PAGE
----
TOKYO — By any measure, the downfall of Nissan Chairman Carlos Ghosn is an historic upheaval. But the scandal in Tokyo could have ongoing ramifications for the automaker, its management and Japan itself.
Ghosn's Nov. 19 arrest under an accusation of financial impropriety — he has not yet been charged with a crime — already has derailed at least one Nissan marketing initiative and fanned international intrigue in diplomatic circles in Paris and Tokyo.
Going forward, his ouster could trigger an executive shake-up at Nissan if Ghosn loyalists are purged or choose to leave on their own. Other Nissan executives may be felled by compliance sweeps as Nissan investigates how Ghosn's alleged malfeasance slipped through the cracks for so many years.
The accusations that Ghosn concealed his compensation plan from public disclosure documents also could ignite a wave of investor rights activism or even complicate the Japanese industry's fitful steps to globalize. The public uproar over Nissan even has reignited renewed scrutiny of corporate governance in Japan and the country's ruthlessly efficient legal system, with its 99 percent conviction rate.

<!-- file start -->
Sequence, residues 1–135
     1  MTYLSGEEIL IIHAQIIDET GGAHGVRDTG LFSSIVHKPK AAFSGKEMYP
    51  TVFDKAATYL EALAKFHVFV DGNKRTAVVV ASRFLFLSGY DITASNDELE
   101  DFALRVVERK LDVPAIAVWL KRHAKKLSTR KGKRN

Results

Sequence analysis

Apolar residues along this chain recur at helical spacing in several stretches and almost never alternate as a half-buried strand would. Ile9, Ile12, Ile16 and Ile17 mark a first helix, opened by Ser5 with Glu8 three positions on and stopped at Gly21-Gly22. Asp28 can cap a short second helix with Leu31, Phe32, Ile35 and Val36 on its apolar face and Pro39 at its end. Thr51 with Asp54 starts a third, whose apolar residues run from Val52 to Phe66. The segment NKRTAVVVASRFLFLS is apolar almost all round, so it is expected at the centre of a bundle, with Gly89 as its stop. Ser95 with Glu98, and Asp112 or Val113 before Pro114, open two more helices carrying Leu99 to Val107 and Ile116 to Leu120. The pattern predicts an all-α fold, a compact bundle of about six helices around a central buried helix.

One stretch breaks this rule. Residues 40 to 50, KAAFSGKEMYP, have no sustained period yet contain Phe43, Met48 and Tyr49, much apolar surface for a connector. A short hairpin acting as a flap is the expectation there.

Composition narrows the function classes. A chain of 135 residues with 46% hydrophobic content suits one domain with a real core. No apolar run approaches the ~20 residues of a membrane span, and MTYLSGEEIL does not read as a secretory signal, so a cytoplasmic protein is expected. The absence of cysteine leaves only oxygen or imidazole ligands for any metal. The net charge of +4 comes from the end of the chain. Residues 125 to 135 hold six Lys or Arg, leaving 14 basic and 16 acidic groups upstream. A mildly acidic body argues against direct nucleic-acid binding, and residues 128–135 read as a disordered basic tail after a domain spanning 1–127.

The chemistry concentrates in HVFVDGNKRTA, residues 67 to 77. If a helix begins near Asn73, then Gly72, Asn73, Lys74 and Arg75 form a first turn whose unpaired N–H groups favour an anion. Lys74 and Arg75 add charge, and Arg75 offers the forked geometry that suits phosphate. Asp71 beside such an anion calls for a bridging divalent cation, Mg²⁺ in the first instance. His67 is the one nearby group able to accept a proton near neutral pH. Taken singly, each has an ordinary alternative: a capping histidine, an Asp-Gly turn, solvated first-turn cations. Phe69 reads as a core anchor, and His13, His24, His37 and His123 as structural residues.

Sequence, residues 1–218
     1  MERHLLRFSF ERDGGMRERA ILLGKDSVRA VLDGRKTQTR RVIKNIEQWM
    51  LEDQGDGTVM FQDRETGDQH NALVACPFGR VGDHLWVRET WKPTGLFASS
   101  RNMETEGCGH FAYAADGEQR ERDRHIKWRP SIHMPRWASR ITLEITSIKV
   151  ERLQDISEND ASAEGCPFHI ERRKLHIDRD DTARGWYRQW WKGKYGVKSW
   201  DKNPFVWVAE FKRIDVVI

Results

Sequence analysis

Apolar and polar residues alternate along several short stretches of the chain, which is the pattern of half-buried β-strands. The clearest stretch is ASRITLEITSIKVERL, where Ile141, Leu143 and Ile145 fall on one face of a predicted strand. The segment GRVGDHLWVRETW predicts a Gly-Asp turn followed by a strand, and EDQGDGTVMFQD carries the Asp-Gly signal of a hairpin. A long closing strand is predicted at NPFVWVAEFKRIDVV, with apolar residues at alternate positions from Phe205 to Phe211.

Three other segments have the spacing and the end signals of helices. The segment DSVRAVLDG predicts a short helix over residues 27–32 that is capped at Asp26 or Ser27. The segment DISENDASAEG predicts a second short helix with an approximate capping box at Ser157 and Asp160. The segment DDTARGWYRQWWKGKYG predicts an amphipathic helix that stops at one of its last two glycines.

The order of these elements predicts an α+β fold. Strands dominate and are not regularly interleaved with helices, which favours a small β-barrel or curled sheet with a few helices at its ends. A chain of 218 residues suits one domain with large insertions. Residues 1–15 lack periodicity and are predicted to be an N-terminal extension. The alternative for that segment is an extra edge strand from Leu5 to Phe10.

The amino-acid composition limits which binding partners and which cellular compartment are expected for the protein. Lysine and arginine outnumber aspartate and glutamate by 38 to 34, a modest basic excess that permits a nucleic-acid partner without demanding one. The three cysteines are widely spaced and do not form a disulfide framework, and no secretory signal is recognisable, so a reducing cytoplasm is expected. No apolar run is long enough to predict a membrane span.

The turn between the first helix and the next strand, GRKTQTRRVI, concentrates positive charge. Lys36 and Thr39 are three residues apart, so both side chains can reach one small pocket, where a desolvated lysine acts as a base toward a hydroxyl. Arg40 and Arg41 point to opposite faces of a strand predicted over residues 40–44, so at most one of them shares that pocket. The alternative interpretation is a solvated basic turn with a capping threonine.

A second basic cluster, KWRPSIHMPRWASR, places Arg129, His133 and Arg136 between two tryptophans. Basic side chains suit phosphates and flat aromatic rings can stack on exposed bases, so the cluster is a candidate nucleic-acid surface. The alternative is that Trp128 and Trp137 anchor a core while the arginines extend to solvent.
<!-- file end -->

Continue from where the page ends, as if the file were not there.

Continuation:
"There are a lot of unintended consequences," said Christopher Richter, senior auto analyst at CLSA Asia-Pacific Markets. "This is firing quite a bit of debate."
Ghosn's ouster did not merely dethrone one of the industry's most storied executives. It cast new doubt on the future of the auto empire he spent two decades cementing together as the Renault-Nissan-Mitsubishi alliance. Ghosn, 64, was confined to a small cell in a meagerly heated Tokyo detention center along with Nissan director Greg Kelly, 62. Nissan CEO Hiroto Saikawa, 65, has called the American executive Kelly the "mastermind" who finagled an alleged scheme to underreport Ghosn's compensation by some $80 million over eight years.